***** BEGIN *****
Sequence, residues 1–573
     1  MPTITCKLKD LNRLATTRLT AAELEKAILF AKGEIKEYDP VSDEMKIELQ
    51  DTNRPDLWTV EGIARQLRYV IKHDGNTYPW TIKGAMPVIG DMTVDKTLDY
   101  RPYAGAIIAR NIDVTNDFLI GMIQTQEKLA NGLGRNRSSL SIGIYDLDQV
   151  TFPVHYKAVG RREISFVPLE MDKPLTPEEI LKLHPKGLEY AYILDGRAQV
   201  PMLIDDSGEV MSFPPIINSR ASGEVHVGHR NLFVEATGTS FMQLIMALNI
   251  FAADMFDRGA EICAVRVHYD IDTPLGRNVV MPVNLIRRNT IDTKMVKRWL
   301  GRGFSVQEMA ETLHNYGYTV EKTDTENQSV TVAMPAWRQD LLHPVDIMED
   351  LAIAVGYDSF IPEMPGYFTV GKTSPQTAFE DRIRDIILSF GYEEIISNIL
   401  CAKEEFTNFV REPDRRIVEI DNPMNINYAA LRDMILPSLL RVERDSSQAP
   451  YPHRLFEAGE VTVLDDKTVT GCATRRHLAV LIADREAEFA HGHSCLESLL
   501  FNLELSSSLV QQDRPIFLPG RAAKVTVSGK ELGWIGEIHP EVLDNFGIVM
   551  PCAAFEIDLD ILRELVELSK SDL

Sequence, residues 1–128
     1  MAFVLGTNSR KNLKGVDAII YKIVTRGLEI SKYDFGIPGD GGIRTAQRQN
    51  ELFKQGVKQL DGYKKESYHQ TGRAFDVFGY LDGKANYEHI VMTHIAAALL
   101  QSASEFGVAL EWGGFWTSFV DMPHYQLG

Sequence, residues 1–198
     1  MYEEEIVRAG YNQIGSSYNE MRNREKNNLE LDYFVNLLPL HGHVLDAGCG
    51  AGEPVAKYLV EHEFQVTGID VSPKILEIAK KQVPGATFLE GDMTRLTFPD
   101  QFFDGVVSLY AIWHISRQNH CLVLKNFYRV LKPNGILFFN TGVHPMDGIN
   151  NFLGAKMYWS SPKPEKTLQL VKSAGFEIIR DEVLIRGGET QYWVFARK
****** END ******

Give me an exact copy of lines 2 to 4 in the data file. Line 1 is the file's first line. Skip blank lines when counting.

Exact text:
     1  MPTITCKLKD LNRLATTRLT AAELEKAILF AKGEIKEYDP VSDEMKIELQ
    51  DTNRPDLWTV EGIARQLRYV IKHDGNTYPW TIKGAMPVIG DMTVDKTLDY
   101  RPYAGAIIAR NIDVTNDFLI GMIQTQEKLA NGLGRNRSSL SIGIYDLDQV